Five cities adopt waste segregation at source (130 cities to follow suit)

waste segregation

Incorrect disposal and burning of solid waste results in emission of climate change, causing greenhouse gases like methane and carbon dioxide to the tune of 12.69 million tonne of carbon dioxide in the country per year. A recent study revealed that improper solid waste management causes 15 diseases including hepatitis, cholera and malaria.

Segregation of dry and wet waste at source leads to removal of carcinogenic and heavy metals from organic waste resulting in production of good quality compost. Segregation also assists in conversion of non-recyclable dry waste to refuse derived fuel (RDF) or energy through waste-to-energy/RDF plants, with minimal amount of inert waste going to landfills.

That said, solid waste management in Delhi besides Gurugram, Faridabad, Noida and Ghaziabad have adopted segregation of municipal solid waste (MSW) at source like households, hotels, restaurants etc., henceforth, wet waste will be collected in “Green bins” and dry waste in “Blue bins”.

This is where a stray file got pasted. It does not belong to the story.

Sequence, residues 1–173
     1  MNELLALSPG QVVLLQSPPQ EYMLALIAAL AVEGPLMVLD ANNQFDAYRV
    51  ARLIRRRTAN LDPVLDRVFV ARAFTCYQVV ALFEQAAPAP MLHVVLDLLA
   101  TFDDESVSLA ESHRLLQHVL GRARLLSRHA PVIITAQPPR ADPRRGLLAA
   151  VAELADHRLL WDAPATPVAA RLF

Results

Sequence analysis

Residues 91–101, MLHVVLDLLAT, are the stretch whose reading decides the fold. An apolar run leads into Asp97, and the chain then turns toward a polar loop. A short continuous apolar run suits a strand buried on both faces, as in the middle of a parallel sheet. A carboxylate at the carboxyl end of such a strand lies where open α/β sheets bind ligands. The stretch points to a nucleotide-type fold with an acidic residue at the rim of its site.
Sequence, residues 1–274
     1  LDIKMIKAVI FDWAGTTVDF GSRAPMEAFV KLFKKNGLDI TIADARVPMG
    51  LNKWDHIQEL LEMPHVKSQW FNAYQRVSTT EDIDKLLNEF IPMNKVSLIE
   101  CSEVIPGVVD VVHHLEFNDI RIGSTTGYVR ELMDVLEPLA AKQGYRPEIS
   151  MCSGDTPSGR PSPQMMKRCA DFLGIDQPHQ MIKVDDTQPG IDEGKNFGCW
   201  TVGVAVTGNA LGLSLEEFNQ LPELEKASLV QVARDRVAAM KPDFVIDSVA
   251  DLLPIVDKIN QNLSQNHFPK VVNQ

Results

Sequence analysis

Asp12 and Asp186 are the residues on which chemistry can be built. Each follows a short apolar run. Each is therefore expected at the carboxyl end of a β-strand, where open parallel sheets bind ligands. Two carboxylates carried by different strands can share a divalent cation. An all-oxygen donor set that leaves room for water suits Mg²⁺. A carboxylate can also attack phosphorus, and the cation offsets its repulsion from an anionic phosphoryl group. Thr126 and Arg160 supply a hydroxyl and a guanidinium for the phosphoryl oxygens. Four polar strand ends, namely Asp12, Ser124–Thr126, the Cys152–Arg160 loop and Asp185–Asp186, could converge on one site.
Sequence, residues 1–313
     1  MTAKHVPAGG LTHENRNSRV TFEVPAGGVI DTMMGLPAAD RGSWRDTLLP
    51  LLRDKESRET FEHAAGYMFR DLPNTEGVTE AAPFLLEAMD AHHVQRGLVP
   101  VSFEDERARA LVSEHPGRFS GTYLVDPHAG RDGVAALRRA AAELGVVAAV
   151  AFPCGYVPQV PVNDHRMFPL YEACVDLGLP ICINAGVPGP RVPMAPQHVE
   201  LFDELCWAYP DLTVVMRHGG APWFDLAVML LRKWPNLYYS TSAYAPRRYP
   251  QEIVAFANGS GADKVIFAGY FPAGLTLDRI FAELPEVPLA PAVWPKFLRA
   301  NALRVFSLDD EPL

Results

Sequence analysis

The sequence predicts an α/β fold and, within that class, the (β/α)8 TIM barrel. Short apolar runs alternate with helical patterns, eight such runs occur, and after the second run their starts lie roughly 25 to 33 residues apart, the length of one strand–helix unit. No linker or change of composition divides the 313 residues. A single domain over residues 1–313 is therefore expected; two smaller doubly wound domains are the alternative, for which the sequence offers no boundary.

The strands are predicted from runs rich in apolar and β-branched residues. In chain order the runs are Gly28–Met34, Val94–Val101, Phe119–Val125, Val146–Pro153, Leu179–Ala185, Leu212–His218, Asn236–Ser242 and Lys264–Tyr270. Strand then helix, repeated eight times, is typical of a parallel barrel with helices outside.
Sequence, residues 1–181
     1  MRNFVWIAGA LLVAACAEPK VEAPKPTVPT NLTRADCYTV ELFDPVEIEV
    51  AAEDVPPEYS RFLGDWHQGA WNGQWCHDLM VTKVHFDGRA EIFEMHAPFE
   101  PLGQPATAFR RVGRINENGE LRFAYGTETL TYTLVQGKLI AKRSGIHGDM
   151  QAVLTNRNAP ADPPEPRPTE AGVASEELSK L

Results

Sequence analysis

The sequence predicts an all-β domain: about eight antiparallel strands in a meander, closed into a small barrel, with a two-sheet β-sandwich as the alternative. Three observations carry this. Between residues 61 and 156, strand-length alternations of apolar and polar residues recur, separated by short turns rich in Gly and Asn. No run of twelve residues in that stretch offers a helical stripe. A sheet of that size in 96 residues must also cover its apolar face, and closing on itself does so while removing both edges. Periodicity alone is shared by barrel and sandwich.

This major new initiative to address the problem of solid waste management has been launched in 130 cities where waste-to-compost plants are either functional or under construction.

In the National Capital Region (NCR), about 15,000 tonnes of municipal solid waste is being generated every day while about 65 million tones of such waste is produced every day in urban areas of the country.

Launch of waste segregation at source is being done in the backdrop of 145 waste-to-compost plants becoming functional across the country increasing compost production from 1.50 lakh tonne in March 2016 to 13.13 lakh tonne, till date. Another 150 compost making plants are under construction with total compost production capacity of 95 lakh tonne per year.

At present, Tirunelveli in Tamil Nadu is the only city so far to have ensured 100 per cent segregation of solid waste at source.

Under ‘Swachh Bharat’ mission, 100 per cent door-to-door collection, transportation and processing of solid waste is targeted by October 2019. While 100 per cent door-to-door collection and transport of solid waste has been achieved in over 41,000 of the total 81,000 urban wards in the country, processing of such waste is about 22 per cent.